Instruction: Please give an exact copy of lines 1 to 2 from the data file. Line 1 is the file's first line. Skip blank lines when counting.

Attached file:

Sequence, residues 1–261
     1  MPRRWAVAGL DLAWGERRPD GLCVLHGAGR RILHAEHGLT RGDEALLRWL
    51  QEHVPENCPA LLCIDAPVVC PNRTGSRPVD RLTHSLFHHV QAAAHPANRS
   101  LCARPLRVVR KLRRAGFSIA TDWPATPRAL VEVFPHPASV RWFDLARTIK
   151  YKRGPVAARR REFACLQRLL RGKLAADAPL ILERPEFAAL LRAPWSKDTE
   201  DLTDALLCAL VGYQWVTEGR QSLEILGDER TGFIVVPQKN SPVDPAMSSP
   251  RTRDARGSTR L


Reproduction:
Sequence, residues 1–261
     1  MPRRWAVAGL DLAWGERRPD GLCVLHGAGR RILHAEHGLT RGDEALLRWL